The defensin-like circulatory peptide hepcidin is the iron-regulatory hormone that links innate immunity and iron metabolism. In response to inflammatory stimuli, the liver produces hepcidin: this antimicrobial peptide then limits the iron that is vital to invading pathogens, by decreasing iron release/transfer from enterocytes and macrophages and causing secondary hypoferremia. This may lead, however, to reduced iron availability for erythropoiesis and therefore to anemia (and anemia of chronic disease). When iron is scarce, the rate at which it is released into the bloodstream must be enhanced: indeed, iron starvation and hypoxia readily abrogate hepcidin expression. Conversely, if excess iron enters the circulation, hepcidin transcription is turned on and iron release from the intestine and macrophages abrogated. Circumstantial evidence indicates that the effect of circulatory iron on hepcidin requires functional HFE and hemojuvelin, two proteins of unknown function that have recently been linked to human hereditary hemochromatosis. In this disease it is likely that inadequate levels of circulating hepcidin lead to the uncontrolled release of iron from the intestine and macrophages, followed by tissue iron overload and organ damage. Given its role as the iron-regulatory hormone, the modulation of hepcidin activity using agonists or antagonists might offer new treatment opportunities in different human iron-dependent disorders.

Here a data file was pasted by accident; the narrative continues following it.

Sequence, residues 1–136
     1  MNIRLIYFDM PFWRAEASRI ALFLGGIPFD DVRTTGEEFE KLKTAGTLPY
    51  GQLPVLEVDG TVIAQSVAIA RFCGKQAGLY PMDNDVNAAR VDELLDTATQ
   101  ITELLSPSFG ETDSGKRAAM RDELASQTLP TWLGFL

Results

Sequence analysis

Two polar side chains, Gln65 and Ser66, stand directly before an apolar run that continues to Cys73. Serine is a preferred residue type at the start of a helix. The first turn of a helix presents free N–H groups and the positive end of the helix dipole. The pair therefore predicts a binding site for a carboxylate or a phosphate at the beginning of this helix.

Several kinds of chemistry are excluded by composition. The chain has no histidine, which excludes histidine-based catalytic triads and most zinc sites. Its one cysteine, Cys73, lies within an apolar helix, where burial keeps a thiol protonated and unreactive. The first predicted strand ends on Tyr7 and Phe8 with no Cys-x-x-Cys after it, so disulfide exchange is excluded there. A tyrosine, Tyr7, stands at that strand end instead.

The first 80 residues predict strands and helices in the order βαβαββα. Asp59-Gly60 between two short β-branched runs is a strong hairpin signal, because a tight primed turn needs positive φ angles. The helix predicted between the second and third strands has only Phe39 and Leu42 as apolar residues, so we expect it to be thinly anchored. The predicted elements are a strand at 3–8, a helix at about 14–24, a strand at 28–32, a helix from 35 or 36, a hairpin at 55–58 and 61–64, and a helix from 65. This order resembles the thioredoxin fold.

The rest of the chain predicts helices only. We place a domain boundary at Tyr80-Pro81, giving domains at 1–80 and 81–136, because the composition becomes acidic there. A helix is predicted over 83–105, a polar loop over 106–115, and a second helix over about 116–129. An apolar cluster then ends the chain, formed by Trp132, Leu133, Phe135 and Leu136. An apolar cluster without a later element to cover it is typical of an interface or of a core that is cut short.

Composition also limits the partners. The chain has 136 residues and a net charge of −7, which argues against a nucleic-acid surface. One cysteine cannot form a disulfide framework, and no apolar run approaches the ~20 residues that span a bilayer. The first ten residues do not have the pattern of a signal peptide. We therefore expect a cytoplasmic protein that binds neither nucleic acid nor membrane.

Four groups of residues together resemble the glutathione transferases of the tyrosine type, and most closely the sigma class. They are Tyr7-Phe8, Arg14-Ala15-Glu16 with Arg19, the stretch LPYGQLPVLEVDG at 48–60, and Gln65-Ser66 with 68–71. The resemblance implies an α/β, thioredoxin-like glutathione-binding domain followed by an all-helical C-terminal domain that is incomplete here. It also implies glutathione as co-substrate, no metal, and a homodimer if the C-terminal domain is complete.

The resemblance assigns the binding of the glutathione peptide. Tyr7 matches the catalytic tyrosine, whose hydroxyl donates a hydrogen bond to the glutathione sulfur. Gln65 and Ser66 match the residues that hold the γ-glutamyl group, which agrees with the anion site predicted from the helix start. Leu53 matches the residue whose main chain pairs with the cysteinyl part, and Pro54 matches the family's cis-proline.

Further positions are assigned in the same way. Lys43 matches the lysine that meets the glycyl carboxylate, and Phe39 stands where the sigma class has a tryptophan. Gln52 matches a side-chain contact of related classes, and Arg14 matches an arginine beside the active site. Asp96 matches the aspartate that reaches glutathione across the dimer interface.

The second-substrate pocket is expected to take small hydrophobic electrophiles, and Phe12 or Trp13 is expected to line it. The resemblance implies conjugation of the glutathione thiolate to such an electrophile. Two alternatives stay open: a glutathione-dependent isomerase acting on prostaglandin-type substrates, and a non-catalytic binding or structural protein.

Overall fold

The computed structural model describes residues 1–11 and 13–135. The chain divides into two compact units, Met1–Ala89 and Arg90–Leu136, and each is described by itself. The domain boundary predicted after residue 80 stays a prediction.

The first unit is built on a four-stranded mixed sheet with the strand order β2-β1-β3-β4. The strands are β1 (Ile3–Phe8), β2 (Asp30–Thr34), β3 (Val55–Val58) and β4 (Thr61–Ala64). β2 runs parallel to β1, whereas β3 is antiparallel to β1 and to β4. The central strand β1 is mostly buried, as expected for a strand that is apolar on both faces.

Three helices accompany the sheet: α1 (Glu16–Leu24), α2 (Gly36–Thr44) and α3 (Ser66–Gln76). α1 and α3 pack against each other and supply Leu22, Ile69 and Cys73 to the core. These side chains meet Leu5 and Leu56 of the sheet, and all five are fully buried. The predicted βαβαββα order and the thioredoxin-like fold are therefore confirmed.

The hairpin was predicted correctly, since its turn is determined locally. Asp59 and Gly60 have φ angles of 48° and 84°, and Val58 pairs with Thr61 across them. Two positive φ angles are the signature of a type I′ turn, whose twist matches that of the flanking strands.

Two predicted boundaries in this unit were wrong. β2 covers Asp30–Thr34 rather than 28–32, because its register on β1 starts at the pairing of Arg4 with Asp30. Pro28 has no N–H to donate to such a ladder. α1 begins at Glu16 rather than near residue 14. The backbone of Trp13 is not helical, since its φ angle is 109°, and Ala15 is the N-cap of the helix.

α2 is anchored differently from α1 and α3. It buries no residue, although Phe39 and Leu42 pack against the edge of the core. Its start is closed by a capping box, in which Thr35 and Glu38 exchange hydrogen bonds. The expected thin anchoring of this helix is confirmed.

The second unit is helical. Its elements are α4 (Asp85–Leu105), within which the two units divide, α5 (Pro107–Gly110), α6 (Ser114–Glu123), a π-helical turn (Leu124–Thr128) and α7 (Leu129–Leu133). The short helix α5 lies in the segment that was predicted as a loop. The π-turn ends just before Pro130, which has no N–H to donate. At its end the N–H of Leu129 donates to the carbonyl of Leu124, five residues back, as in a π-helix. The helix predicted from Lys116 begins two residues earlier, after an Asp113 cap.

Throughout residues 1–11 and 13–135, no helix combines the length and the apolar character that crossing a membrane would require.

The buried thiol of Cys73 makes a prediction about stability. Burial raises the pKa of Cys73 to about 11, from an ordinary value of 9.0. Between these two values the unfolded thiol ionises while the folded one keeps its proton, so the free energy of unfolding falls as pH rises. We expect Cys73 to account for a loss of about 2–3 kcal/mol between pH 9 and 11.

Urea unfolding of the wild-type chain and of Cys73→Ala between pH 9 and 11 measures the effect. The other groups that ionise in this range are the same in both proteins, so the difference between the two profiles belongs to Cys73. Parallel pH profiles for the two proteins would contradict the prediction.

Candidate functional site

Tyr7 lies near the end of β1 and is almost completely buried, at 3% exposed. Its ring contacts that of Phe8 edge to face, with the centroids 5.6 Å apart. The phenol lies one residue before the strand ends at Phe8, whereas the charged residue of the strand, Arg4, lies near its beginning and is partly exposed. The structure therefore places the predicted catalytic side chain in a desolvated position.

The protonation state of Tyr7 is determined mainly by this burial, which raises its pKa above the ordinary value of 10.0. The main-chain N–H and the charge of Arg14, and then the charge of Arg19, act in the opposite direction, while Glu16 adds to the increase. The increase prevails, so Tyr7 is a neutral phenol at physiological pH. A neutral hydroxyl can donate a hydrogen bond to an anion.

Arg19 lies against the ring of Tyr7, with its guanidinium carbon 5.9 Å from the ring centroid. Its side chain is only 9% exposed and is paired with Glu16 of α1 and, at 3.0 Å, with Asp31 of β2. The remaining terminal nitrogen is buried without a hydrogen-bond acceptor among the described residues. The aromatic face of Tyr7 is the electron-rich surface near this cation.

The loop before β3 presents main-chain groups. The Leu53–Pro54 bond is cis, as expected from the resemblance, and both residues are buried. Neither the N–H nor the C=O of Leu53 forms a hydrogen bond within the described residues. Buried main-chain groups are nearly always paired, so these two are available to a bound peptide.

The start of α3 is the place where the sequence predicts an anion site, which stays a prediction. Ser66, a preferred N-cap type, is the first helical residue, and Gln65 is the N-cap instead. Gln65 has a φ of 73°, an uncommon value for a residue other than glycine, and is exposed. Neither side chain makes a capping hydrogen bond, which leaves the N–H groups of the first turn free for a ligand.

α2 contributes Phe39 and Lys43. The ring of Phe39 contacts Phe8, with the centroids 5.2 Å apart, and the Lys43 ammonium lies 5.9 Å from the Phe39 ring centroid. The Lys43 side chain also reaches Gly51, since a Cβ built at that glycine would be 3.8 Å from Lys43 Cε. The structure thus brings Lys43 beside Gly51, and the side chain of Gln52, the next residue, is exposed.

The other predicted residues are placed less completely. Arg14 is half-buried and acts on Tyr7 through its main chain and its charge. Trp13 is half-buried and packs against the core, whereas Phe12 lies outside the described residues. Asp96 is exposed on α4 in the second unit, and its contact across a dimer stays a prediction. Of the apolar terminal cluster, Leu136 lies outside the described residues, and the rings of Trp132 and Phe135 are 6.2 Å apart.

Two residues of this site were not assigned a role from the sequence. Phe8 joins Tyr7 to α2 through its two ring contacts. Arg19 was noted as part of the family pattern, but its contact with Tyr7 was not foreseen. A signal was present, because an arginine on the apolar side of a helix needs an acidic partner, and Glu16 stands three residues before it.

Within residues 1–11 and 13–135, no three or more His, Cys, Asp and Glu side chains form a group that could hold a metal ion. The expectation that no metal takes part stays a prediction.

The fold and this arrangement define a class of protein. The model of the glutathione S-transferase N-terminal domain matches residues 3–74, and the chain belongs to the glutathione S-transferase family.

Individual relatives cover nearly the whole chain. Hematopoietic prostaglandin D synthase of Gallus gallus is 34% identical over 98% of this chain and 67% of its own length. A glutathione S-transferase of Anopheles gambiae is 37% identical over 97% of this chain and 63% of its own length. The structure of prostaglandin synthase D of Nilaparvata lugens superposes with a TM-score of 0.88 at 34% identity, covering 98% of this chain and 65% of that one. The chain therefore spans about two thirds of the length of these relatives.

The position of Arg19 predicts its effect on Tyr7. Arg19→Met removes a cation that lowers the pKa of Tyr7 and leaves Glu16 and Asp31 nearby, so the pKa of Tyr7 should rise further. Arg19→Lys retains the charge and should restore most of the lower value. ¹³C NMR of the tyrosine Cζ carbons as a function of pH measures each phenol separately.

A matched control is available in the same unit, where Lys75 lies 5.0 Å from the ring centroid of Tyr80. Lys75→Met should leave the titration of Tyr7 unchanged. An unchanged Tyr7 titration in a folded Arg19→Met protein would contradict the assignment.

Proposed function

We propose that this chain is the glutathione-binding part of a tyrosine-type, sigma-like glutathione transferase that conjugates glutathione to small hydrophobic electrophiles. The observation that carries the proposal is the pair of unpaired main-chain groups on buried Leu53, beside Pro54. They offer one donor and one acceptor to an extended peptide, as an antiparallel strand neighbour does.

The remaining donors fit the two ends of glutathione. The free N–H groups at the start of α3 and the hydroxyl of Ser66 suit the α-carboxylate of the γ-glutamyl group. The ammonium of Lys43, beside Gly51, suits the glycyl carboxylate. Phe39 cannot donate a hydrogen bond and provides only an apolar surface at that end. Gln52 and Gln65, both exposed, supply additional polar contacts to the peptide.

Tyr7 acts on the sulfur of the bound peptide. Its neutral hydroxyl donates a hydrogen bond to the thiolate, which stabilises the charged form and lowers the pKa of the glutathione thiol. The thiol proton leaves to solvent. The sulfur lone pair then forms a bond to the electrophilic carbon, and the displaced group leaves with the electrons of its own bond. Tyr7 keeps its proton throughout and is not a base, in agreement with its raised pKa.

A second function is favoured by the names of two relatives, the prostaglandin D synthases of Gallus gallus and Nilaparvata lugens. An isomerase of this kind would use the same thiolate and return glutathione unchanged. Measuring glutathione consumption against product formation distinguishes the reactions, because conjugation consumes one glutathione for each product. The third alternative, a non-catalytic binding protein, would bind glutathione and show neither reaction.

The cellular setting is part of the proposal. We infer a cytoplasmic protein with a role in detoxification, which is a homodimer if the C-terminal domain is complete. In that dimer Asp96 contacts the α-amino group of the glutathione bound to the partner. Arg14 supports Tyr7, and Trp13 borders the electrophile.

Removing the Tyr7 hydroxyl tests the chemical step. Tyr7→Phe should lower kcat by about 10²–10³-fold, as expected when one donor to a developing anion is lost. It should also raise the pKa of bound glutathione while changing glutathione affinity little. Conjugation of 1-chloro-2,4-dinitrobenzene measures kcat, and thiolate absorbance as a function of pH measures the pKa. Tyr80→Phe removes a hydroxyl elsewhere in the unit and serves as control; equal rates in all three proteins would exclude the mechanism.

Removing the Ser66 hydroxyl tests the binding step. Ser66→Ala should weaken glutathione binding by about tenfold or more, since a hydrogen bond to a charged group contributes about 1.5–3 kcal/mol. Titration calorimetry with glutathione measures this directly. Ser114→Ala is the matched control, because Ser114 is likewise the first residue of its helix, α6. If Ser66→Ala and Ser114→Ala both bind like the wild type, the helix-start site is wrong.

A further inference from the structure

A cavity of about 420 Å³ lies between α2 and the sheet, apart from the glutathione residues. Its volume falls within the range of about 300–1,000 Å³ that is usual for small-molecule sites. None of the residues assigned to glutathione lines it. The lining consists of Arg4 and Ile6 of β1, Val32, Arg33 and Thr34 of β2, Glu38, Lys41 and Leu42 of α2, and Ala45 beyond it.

Mechanisms of disease: The role of hepcidin in iron homeostasis--implications for hemochromatosis and other disorders / Pietrangelo, Antonello; Trautwein, C.. - In: NATURE CLINICAL PRACTICE GASTROENTEROLOGY & HEPATOLOGY. - ISSN 1743-4378. - STAMPA. - 1:(2004), pp. 39-45. [10.1038/ncpgasthep0019]